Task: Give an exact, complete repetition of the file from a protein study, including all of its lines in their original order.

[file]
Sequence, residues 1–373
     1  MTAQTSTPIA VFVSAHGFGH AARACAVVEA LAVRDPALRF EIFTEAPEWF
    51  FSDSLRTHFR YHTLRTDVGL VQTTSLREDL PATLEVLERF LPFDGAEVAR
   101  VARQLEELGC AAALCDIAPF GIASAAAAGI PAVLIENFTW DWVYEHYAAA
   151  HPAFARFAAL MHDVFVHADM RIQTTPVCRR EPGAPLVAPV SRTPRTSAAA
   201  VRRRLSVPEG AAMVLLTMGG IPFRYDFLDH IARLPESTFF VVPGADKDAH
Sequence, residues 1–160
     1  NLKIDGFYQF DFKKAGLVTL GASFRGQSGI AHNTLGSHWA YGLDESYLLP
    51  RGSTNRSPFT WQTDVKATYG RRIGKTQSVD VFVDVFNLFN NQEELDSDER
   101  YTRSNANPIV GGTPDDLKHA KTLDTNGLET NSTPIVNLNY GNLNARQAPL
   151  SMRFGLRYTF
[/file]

Sequence, residues 1–373
     1  MTAQTSTPIA VFVSAHGFGH AARACAVVEA LAVRDPALRF EIFTEAPEWF
    51  FSDSLRTHFR YHTLRTDVGL VQTTSLREDL PATLEVLERF LPFDGAEVAR
   101  VARQLEELGC AAALCDIAPF GIASAAAAGI PAVLIENFTW DWVYEHYAAA
   151  HPAFARFAAL MHDVFVHADM RIQTTPVCRR EPGAPLVAPV SRTPRTSAAA
   201  VRRRLSVPEG AAMVLLTMGG IPFRYDFLDH IARLPESTFF VVPGADKDAH
Sequence, residues 1–160
     1  NLKIDGFYQF DFKKAGLVTL GASFRGQSGI AHNTLGSHWA YGLDESYLLP
    51  RGSTNRSPFT WQTDVKATYG RRIGKTQSVD VFVDVFNLFN NQEELDSDER
   101  YTRSNANPIV GGTPDDLKHA KTLDTNGLET NSTPIVNLNY GNLNARQAPL
   151  SMRFGLRYTF